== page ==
For typical IVF patients, the goal is to have  your ovaries look like a chocolate chip cookie. It should be full of black spots, which are the follicles growing to pop many, many eggs. Most doctors want upwards of 20 eggs at retrieval, as they tend to fall away throughout the process. My ovary is like the half eaten, dud of a lonely chocolate chip cookie at the bottom of the container. I’m hoping that it’ll at least have the two best, biggest, healthiest chocolate chips!

So off I go to pace and attempt relaxation as we await this HUGE next step. The retrieval is happening tomorrow at 8:30am, about an hour away. I cannot eat or drink after midnight tonight. No makeup, perfume, or hair products tomorrow…I’ll be the walking infertile zombie.

BRING ON THE BABIES.

Xoxo,

Sara

 

 

Getting out of your “shit-town”. 4.10.17

Bear with me. This one’s all over the place.

This weekend, I made a trip back home for a best friend’s wedding shower. I spent time with some of my most favorite people. Silly, smart, sweet, kind, caring people. I have some awesome friends. And they have awesome husbands! We played games, celebrated our beautiful bride, I saw my old home from high school, we were spoiled with the husbands doing all of the cooking and cleaning…it was such a great trip.

It came at the best time. Friday, I had a doctor’s appointment to check the progress of my ovaries after a week on all of my drugs. It sucked. I left in tears, exhausted, crying so hard that I couldn’t catch my breath. My ovaries are slow and lazy and only one was showing much progress in growing follicles (the things that pop your eggs). My nurse was kind but realistic in saying “this isn’t ideal”. I heard her words slowly as she said “…this might be a time to talk about cancelling your cycle or possibly delaying”….”maybe we had a bad start…it was a bad month to start”. WHAT. I just spent all of my money and you want to cancel? I just did 7 days of 4 shots, I’ve had a headache non-stop, I’m losing all of my focus, I’m grumpy…and you want to cancel?! I was in disbelief. I think Dawson was too.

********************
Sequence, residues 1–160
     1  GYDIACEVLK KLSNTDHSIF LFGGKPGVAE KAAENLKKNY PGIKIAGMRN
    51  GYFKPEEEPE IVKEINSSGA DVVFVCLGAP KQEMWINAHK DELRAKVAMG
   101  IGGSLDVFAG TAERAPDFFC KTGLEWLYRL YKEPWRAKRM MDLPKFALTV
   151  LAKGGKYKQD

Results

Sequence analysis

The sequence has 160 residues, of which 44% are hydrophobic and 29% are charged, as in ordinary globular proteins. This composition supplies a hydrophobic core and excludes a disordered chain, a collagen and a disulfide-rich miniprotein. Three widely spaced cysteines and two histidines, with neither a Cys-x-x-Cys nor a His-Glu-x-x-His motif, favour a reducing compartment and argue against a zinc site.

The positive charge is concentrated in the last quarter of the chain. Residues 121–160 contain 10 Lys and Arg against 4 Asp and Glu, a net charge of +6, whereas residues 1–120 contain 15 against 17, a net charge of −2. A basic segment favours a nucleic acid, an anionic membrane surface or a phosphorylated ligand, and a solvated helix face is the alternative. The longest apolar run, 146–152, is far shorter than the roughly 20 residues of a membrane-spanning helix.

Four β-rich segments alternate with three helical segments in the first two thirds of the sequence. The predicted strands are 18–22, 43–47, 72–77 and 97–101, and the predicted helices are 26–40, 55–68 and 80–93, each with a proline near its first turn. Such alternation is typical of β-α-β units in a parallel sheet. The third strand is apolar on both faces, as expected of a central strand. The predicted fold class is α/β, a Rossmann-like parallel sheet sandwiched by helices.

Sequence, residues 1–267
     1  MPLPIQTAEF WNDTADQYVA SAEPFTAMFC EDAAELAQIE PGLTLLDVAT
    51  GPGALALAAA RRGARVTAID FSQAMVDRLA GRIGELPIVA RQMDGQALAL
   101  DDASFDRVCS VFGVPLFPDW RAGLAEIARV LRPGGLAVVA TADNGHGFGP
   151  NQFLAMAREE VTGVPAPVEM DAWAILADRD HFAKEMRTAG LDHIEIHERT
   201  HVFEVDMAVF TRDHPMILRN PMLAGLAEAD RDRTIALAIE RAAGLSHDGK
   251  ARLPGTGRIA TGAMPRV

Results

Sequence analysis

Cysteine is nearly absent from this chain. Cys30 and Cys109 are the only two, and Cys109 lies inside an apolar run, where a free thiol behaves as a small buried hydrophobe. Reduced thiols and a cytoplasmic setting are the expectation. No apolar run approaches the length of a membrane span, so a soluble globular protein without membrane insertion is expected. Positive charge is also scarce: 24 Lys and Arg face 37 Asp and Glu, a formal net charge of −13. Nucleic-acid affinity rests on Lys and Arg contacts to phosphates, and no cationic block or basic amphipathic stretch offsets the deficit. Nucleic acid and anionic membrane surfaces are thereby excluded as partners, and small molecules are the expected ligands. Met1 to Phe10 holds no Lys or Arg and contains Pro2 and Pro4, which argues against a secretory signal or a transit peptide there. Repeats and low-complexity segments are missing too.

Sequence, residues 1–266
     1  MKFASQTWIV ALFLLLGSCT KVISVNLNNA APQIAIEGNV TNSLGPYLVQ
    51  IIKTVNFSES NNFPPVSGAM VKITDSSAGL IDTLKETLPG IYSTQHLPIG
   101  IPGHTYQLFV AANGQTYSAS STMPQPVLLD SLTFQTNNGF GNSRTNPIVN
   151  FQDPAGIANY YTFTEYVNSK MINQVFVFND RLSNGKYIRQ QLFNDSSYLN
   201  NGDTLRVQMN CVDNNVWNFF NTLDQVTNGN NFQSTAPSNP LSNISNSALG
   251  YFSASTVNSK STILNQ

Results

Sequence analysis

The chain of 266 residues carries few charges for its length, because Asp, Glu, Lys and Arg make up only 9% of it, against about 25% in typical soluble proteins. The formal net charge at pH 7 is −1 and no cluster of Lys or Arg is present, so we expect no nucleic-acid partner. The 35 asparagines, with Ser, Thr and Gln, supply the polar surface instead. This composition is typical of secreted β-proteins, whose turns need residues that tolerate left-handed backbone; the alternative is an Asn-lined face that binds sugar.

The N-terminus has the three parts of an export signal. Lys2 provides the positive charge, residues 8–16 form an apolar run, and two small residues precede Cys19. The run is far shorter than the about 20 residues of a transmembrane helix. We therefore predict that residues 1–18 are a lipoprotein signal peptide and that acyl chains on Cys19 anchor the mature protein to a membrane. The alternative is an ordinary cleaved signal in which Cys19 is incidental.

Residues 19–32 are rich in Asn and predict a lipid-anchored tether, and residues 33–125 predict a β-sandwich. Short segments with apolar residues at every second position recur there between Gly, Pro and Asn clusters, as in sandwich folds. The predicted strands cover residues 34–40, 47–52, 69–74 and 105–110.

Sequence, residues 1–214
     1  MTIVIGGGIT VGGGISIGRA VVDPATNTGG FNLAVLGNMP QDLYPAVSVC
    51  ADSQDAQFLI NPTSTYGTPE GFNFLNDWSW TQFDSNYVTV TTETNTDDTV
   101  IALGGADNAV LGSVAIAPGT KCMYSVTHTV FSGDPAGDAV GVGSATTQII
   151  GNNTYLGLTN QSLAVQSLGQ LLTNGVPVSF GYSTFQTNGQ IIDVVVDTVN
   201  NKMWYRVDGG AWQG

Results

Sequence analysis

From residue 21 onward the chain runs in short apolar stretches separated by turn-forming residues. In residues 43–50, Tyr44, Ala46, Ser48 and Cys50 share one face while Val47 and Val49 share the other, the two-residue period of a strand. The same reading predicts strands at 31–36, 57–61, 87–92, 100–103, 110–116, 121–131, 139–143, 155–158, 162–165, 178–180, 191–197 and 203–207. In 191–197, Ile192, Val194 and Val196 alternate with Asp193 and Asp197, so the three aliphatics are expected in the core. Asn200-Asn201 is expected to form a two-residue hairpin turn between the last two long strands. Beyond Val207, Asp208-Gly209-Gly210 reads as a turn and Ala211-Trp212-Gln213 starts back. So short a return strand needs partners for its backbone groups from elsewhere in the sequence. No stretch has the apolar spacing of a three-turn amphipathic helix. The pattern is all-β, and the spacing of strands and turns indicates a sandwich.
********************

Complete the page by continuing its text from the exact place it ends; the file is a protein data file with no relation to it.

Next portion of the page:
God bless my in-laws. I work for them, and I don’t think I could survive this process in any other world. My old job (retail) would’ve made this an impossible task. I came to work after the appointment and brought my mother-in-law to tears with my shock and my own tears. “I’ve never seen you cry!” she said, it was awful. A major downfall of IVF and letting those around you know what’s going on. I hate that this process means bringing sadness onto those around us when we’re sad. But the support of those closest to us is what’s helping us day to day.